Were there any words that you just couldn’t nail?
There are plenty in the American accent! There are loads! They normally begin with S. There were a few sentences where I was like, “Oh my, I hate this sentence, I hate this sentence.”
What's your go-to American accent?
I think, because I'm uneducated within that world, it would be the Valley girl. That's the one I kind of know. I love the southern accent as well. I sound horribly like I'm putting Americans into a box in that way, but as an outsider, that's how I feel. [Laughs.]
Do you believe in the supernatural? Or in aliens?
I believe that we're not alone. How can we be alone in an infinite universe? I'm using the word alien with a little trepidation because I know that sparks so many different versions of that word and there are so many different images that come in to one person's head when someone says it. So I wouldn't say I believe in aliens, but other life forms, absolutely. Think about the realms of possibility. The universe is so enormous and we have no idea what's on the other side of the galaxy. It's a lovely thing to be able to tap into. I'm definitely not opposed to any supernatural ideas, but I've never encountered any. I believe in spirits, but I've never seen a ghost. And I believe in heaven and hell.
Do you have any favorite bedtime stories or myths?
When I was a child, it was always the fantastical ones like "Jack and the Giant Beanstalk." I loved that, and I loved "Billy Goat’s Gruff."
I personally have been drawn to female roles who are incredibly strong, females who are dominant and know their own mind.
What about any favorite sci-fi or horror movies?
I know that it's more a psychological one, but my all-time favorite, one that freaks me out, is The Shining. If I want a scare and want to be creeped out for several hours, if not days, it would be The Shining.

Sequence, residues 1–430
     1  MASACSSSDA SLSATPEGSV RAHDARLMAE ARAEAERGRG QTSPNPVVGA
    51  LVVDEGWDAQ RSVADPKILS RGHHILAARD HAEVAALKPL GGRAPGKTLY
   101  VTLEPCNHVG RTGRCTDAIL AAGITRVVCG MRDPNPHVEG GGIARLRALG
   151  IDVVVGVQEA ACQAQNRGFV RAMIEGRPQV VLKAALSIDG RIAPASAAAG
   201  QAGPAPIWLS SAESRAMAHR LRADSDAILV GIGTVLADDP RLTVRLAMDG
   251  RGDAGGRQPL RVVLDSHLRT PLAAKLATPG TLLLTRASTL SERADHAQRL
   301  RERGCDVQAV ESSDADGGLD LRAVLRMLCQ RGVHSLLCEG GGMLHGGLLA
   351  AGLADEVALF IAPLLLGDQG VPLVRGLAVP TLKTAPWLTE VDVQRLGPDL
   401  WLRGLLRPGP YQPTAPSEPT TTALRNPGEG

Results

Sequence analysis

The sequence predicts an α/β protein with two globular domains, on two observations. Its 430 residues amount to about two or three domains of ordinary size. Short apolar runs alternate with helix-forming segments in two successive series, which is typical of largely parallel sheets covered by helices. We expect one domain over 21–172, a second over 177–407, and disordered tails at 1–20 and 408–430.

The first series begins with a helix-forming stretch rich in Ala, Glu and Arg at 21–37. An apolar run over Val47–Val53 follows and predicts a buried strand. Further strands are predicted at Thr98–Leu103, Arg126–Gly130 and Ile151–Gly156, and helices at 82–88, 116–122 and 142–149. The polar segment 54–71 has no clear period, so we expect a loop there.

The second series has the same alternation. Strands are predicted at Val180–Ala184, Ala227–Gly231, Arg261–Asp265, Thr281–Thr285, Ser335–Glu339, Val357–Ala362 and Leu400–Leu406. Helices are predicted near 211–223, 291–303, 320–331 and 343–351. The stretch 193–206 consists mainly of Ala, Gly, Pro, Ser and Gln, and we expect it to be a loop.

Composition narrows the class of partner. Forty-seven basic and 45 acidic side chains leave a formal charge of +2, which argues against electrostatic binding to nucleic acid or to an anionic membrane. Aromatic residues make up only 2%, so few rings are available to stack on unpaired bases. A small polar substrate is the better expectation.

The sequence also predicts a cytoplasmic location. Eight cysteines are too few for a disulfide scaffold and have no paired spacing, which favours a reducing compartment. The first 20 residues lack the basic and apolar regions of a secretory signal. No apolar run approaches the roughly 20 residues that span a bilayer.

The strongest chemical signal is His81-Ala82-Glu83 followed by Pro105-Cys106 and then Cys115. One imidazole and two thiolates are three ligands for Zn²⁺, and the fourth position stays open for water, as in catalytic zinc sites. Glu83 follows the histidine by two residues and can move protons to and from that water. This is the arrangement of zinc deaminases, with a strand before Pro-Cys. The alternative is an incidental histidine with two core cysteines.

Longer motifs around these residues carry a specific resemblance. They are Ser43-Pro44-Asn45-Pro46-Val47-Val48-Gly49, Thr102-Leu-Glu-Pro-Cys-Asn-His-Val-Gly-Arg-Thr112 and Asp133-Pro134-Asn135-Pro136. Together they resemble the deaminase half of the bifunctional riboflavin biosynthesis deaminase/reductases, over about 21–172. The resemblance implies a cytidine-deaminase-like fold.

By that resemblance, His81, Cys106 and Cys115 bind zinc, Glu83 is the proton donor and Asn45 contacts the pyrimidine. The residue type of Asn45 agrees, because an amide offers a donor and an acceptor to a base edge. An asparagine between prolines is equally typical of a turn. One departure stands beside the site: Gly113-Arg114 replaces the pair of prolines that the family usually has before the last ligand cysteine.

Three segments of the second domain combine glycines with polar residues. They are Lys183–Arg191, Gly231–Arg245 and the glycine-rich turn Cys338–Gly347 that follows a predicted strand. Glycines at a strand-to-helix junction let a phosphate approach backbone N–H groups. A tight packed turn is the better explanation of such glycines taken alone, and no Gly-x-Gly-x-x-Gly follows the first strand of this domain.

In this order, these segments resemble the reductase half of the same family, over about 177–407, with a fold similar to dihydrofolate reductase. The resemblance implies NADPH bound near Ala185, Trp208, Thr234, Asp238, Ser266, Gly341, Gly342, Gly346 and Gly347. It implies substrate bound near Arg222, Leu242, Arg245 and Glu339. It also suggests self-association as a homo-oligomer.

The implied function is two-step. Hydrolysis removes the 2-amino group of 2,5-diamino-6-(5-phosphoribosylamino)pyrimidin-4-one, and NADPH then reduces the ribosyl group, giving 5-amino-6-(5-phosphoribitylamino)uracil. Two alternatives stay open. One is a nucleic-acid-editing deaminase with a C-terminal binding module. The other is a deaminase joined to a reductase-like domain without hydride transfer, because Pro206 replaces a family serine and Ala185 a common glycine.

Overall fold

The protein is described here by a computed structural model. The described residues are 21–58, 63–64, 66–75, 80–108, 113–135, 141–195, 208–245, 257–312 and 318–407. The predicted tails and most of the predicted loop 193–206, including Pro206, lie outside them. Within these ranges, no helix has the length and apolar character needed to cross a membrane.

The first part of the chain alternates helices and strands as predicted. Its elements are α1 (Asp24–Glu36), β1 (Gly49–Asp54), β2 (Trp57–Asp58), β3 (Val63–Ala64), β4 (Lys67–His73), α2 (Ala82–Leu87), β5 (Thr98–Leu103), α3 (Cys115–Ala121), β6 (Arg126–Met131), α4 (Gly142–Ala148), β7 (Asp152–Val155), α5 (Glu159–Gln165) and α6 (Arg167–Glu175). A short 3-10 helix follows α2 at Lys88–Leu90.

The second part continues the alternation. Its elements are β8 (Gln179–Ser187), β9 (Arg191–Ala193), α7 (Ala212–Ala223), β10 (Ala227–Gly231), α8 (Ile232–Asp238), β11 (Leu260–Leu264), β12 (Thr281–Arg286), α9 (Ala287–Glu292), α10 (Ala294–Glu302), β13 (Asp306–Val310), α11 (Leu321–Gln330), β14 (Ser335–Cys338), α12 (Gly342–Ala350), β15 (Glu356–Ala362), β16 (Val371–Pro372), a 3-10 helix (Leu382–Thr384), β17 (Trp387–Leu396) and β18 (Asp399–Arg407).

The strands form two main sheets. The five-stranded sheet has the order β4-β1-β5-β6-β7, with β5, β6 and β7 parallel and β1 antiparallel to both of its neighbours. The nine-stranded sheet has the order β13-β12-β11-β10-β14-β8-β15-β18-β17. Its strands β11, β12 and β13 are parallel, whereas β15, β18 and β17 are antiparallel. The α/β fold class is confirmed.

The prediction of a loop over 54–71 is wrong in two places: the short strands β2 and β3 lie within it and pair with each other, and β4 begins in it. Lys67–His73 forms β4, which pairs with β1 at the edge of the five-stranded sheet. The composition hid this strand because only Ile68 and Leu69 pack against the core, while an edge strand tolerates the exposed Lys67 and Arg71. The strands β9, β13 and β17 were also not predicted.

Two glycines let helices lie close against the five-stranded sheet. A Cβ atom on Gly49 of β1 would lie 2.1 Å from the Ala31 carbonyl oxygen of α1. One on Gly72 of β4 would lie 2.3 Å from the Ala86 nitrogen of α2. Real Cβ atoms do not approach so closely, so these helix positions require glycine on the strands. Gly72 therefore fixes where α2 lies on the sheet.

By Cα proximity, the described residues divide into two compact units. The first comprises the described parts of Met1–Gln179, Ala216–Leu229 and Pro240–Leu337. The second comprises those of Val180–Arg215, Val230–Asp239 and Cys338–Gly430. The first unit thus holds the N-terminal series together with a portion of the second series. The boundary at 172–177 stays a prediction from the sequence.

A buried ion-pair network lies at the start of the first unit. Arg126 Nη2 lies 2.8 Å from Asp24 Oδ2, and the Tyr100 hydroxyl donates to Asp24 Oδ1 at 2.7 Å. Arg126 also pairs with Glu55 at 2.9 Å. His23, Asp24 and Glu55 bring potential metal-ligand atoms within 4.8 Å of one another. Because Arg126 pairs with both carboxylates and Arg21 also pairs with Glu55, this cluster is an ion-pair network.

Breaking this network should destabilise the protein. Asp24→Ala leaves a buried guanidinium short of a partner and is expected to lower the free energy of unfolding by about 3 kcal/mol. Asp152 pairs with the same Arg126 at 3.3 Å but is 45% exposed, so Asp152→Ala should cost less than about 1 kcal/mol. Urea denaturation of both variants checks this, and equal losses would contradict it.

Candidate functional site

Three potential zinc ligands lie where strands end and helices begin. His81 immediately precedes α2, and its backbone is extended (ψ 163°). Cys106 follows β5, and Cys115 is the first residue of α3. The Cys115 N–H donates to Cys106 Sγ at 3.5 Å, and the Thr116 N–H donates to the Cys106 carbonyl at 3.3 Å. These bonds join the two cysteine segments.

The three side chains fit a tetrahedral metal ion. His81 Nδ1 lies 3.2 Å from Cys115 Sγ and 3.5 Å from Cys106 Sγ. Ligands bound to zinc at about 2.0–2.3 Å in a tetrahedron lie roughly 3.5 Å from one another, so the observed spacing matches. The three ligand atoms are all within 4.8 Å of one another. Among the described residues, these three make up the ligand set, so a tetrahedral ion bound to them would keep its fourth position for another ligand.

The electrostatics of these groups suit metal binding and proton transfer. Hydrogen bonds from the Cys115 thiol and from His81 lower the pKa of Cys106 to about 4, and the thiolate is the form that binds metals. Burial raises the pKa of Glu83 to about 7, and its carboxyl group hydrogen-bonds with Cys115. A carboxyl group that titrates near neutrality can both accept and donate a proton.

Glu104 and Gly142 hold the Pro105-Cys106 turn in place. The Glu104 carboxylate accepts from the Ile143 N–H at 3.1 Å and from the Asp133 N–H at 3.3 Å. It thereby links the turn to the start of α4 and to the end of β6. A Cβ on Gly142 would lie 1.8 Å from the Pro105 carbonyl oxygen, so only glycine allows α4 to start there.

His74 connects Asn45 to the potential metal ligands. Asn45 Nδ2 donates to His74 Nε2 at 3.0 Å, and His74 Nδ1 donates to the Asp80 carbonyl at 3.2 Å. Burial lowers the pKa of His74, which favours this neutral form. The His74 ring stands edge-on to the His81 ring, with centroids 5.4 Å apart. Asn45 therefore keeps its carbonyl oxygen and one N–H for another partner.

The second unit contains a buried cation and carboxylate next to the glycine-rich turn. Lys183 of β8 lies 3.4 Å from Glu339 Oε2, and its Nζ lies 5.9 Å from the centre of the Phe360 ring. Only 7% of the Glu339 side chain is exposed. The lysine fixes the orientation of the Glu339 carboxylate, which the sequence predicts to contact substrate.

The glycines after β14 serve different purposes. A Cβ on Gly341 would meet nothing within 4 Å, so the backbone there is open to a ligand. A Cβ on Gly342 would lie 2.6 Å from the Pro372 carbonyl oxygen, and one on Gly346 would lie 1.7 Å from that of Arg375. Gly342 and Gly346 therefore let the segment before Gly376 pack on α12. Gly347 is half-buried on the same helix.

What are you working on now?
So right now, I've flown in from Pittsburgh where I was working on an action/drama film called The Last Witch Hunter. I'll be there for seven months.
What kind of roles do you look for?
I personally have been drawn to female roles who are incredibly strong; females who are dominant and know their own mind; who are feisty in their own way without being annoying. I like it when she has a dark side but she also has a playful side. It's a wonderful thing to have a character with tons of attributes.
Ygritte is such an iconic character and a role model for a lot of girls.
I feel hugely blessed to be able to play a character that's been able to reach others. It's great to have her on a pedestal with Jon Snow because, like I said, she's a woman with her own mind, who is hugely loyal to her people and to the tribe. She fights for what she believes in and doesn’t take any slack. It's a wonderful thing to show young women that it is okay to speak your mind and to stand up to your man.
How many people come up to you a day and say, “You know nothing, Jon Snow”?
Quite a lot. [Laughs.] Oh god, I feel hugely privileged to have not only been a part of Game of Thrones, but also to have a catchphrase. It's a lovely thing.
Who are your fictional female idols?
Well, one of my favorite books is by Georgette Heyer, These Old Shades. The heroine in that book is a feisty young woman and antagonizes a lot of the men that step into her life.
You're drawn to these tough female characters, but how would you say you are in real life?
I wish I were as tough and strong as the women that I'm lucky enough to portray. I suddenly feel that I've learned a lot when it comes to standing up for your beliefs and answering back if you think that something is wrong, or if you're passionate about something you believe in. But yeah, I think that there's a delicate balance in whatever relationship you're in and that you have to have respect for one another.
Tara Aquino is the Complex Pop Culture editor who is ride-or-die for Ygritte. Tweet at her here.